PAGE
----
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Triestina: Too Important To Be Relegated

In modern football, it is a rare occurrence for a team to face relegation and subsequently be granted readmission to the top flight. Particularly within Europe’s top leagues. This seems to be more common in the lower divisions, where financial issues can cause clubs to fold due to administration. While this is a relatively rare phenomenon in England, it is a more frequent occurrence in Italy, particularly in the second and third divisions, where it seems to happen almost every year.


There is a story that revolves around Juventus’s demotion due to the Calciopoli scandal, but that story will have to wait for another time. Usually, when certain clubs go bankrupt, it results in the reinstatement of teams that were previously relegated. Yet, in the archives of Italian football, the reinstatement of Triestina is a truly remarkable event. The situation held significance due to the fact that it occurred in Serie A, not as a result of another team’s financial collapse but rather due to political, or more accurately, “patriotic” motives.

Trieste: A City Too Significant to Ignore

Trieste, a bustling city located along the beautiful Adriatic Sea, plays a crucial role in Italy’s as one of it’s most important ports. The city, once known as Tergeste and used as a military outpost, eventually fell under the control of the Patriarchate of Aquileia during the early mediaeval period. Frequent clashes with the neighbouring city of Venice resulted in the formation of alliances with Austria, ultimately resulting in its incorporation into the Austrian state in 1383.

The city remained relatively modest in size until 1719, when it was declared a free port, which led to a significant surge in growth and progress. The city experienced a significant increase in population due to the arrival of many immigrants, particularly Italians (especially those from Venice) and, to a lesser extent, Slovenes. In the 19th century, as the Kingdom of Italy was being unified, Trieste emerged as the main port of the Habsburg Empire. The city boasted a population that was predominantly Italian, with a smaller Slovene community, with Italians outnumbering Slovenians 3 to 1. Trieste became a significant focal point for Italian irredentism.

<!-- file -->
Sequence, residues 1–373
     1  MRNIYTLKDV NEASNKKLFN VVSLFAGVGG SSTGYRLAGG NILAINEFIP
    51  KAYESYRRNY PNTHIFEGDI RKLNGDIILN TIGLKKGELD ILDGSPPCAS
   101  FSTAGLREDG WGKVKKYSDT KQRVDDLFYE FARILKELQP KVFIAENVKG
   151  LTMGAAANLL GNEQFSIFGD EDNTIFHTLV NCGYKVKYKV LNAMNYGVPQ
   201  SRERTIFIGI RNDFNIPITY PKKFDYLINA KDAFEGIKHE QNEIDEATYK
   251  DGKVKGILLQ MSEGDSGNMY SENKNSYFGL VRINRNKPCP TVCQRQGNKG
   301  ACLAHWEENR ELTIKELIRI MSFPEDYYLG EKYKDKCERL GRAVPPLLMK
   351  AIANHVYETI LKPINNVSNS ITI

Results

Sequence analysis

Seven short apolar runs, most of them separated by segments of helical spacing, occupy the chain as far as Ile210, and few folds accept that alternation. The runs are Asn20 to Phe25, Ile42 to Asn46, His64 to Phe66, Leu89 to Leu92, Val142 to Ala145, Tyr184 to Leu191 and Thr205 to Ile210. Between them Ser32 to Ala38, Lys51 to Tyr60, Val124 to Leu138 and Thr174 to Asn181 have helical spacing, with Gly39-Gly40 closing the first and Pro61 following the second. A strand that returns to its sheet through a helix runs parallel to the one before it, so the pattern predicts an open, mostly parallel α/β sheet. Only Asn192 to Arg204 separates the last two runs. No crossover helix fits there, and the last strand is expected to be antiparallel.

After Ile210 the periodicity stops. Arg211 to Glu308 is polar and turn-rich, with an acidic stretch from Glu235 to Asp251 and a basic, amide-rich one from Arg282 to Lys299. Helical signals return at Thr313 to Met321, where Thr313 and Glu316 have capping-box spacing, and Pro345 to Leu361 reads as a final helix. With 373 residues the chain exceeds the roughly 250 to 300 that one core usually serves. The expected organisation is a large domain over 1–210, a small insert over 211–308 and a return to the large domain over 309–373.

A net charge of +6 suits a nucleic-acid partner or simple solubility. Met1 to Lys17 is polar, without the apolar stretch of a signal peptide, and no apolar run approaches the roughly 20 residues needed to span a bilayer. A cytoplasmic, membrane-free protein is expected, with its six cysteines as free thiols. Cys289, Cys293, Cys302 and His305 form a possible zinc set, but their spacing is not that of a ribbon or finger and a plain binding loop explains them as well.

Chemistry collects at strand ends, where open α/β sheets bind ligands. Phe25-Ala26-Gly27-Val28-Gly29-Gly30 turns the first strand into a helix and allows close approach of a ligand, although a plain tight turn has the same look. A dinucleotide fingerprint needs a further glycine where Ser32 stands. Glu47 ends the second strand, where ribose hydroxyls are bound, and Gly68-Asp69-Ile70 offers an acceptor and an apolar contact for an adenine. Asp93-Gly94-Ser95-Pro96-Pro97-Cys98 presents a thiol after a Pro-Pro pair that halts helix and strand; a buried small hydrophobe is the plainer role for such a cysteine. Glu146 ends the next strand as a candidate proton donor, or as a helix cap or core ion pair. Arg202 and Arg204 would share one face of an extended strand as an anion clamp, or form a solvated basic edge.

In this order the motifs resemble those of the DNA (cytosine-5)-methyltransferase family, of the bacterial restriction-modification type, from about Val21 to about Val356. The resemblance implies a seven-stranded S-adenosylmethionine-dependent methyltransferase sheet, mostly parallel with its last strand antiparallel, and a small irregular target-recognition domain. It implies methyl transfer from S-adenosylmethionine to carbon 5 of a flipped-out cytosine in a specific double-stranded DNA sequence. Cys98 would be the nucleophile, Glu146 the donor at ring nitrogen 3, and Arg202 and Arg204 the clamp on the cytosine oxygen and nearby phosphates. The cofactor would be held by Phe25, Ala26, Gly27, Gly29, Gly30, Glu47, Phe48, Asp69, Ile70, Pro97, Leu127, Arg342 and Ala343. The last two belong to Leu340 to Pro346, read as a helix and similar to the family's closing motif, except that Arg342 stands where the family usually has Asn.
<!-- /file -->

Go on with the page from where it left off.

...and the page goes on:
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Italy made a significant decision on May 24, 1915, when it declared war on Austria-Hungary. This bold act marked Italy’s entry into World War I, aligning itself with the Allies, which included Britain, France, and Russia. The guarantees Italy received in the April 1915 Treaty of London were a major factor in its decision to join the Allies in the war. Italy would finally achieve its long-awaited goal of gaining control over the territory along its border with Austria-Hungary, extending from Trentino through the South Tyrol to Trieste.

Furthermore, the Allies made commitments to the Italians regarding certain territories. These included parts of Dalmatia and several islands along the Adriatic coast of Austria-Hungary, the Albanian port city of Vlore (known as Valona in Italian), a central protectorate in Albania, and some territory from the Ottoman Empire. Their aim was to annex Trieste and Trento. Following the conclusion of hostilities, the Austro-Hungarian Empire collapsed in 1918, leading to the incorporation of Trieste and other territories into Italy.

So you may be wondering right now: is this Attacking Football, or the history channel?

The Football Story: Unione Sportiva Triestina